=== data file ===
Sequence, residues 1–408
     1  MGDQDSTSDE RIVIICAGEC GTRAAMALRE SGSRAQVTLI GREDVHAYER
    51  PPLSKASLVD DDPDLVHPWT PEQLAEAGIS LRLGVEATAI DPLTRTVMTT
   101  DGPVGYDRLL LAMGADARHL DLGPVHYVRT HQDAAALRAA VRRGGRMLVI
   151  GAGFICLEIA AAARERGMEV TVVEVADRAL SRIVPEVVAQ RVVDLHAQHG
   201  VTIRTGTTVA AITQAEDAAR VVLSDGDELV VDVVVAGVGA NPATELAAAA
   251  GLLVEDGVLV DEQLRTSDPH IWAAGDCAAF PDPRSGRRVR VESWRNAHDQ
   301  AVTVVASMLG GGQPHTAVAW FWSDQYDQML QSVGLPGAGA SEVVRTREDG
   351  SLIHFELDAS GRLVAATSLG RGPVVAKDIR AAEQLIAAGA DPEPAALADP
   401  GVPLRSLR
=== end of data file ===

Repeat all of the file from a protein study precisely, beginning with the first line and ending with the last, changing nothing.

Sequence, residues 1–408
     1  MGDQDSTSDE RIVIICAGEC GTRAAMALRE SGSRAQVTLI GREDVHAYER
    51  PPLSKASLVD DDPDLVHPWT PEQLAEAGIS LRLGVEATAI DPLTRTVMTT
   101  DGPVGYDRLL LAMGADARHL DLGPVHYVRT HQDAAALRAA VRRGGRMLVI
   151  GAGFICLEIA AAARERGMEV TVVEVADRAL SRIVPEVVAQ RVVDLHAQHG
   201  VTIRTGTTVA AITQAEDAAR VVLSDGDELV VDVVVAGVGA NPATELAAAA
   251  GLLVEDGVLV DEQLRTSDPH IWAAGDCAAF PDPRSGRRVR VESWRNAHDQ
   301  AVTVVASMLG GGQPHTAVAW FWSDQYDQML QSVGLPGAGA SEVVRTREDG
   351  SLIHFELDAS GRLVAATSLG RGPVVAKDIR AAEQLIAAGA DPEPAALADP
   401  GVPLRSLR